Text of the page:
FWIW, Gooden's problem has never been defense. It has been lack of discipline in all aspects of his game that has lead to erratic performances--up one night and down the next. He also has never been able to make consistently good choices on the floor. He has great talent, but has never had the mental capacity to hone it to consistency. Some persons are like this; it does not make them chumps. It is just their particular cross to bear. Wilt couldn't shoot free throws. Gooden can't make good choices on the floor consistently. Woodling can't write columns good enough to move up in the world of journalism. Now, he's even struggling writing columns with enough heart to be good filler. But we can respect Chuck for hanging on in the business, just as we can respect Gooden and LaFrentz for doing the same in their businesses.

Woodling is consistent. He is consistently mediocre...if that. And look what it has gotten entire career writing junk like this on a small town newspaper.

Woodling owes Gooden, and LaFrentz, apologies. He needs to tell them, "Way to roll your sleeves up and keep doing you jobs, even when it isn't star work. I'm in the same boat in my profession and there is nothing to be ashamed of about it."

But he won't.

jaybate 11 years, 1 month ago

Re Walt Wesley

He had the sweetest baseline turn around of any center I ever saw.

And as slender as he was, he had to have been made of the right stuff to have survived in the L as long as he did.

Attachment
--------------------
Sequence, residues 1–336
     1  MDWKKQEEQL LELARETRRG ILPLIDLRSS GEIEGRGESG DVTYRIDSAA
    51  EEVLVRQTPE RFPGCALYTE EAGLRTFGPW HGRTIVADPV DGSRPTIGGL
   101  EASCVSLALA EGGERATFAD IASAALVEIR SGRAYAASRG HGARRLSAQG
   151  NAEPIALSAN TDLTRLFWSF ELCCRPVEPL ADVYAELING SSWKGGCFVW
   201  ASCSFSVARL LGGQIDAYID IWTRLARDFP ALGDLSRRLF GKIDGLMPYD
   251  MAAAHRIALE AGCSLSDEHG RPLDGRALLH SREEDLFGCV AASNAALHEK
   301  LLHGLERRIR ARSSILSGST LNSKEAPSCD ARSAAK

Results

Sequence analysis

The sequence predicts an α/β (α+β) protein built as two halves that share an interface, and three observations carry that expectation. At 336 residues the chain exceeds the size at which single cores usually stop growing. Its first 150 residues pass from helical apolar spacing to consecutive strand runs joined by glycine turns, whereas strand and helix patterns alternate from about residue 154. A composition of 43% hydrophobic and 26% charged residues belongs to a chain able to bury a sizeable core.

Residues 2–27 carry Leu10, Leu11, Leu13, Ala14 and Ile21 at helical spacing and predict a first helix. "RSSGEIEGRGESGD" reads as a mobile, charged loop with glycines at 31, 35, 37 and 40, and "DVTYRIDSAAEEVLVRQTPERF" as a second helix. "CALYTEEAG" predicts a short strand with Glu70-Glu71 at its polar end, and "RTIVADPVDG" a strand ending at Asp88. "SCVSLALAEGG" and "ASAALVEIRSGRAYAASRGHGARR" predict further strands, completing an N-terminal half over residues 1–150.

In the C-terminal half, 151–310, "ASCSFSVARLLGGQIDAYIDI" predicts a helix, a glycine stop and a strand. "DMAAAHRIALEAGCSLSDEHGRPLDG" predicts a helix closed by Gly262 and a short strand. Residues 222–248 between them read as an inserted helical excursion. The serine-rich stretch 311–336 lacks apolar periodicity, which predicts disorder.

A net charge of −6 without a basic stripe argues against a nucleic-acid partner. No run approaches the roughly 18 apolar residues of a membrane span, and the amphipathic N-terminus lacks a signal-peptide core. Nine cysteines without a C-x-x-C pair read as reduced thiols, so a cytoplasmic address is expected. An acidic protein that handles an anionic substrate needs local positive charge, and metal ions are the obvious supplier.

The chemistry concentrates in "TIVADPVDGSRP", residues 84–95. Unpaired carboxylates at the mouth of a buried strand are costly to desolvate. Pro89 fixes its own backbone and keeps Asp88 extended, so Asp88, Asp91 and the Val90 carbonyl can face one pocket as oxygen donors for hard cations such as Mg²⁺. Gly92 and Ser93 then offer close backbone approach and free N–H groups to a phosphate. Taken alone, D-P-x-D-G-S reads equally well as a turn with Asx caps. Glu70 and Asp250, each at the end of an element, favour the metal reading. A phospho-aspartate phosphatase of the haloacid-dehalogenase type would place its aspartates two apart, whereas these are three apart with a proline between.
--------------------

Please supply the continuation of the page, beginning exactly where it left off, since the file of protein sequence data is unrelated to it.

gthejayhawk 11 years, 1 month ago

Jaybate, Once again your critique is spot on!!!

jaybate 11 years, 1 month ago

New York tabloids are pussies compared to London; that is where they are really murder.

New York journalists are tough, but fair. There are just too many of them for any superstar to handle for very long. They have to be fair, because practically everyone there knows someone they could hand 50 $100 spots and see to it that the reporter went for a swim in an acid bath in Jersey. Capice?

For what its worth, Jimmy Breslin knew how to write, when he was sticking his thumb in your eye on politics. Most of the good tabloid sports writers are long gone of course. So are most of the really good beat reporters. But the Big Jonathan will always be able to drag in a few.

So as that most famous of Kansas New Yorkers, Damon Runyan, might have said, "Shut your trap, or I'm going to call Big Julie away from the crap game and ax him to take you fishin' under Lake Michigan." .

ralphus 11 years, 1 month ago

Hmmm, so let me get this straight. Woodling sucks because:

a) he hasn't made as much money as Drew Gooden.


b) he decided to settle down, work and raise a family in Lawrence, as opposed to testing his mettle against the New York "Pussies" and the London "Murderers".

Interesting hypothesis. Pathetic and shallow, but interesting.

But I guess we'd all better watch out and not criticize him too much. Otherwise, he'll pay somebody to give us an acid bath in Jersey.

Sigh. Looks like someone's Sopranos DVD finally arrived from Netflix.

hawksince51 11 years, 1 month ago

That was a great team with much more emphasis on KS talent. Riney became the no. 6 man when JoJo became eligible the 2nd semester. I recall the Big E Houston team beating us in the regionals at Lawrence when Walt was a junior but do not believe we ever got far enough to play against Alcindor. In those days, the regionals were just that.
Walt's senior year was the tragedy of a bad call when we played TX Western in the regionals--I will go to my grave knowing that JoJo did not step on the out of bounds line!!
I have to add that I agree with Woodling's comments about Gooden. I always thought it was strange that he was such a good O-rebounder, and mediocre D player.

Eliott Reeder 11 years, 1 month ago

I believe its "Big Jule", not "Big Julie". And also... watch out for Seldom Seen Charlie and Harry the Horse.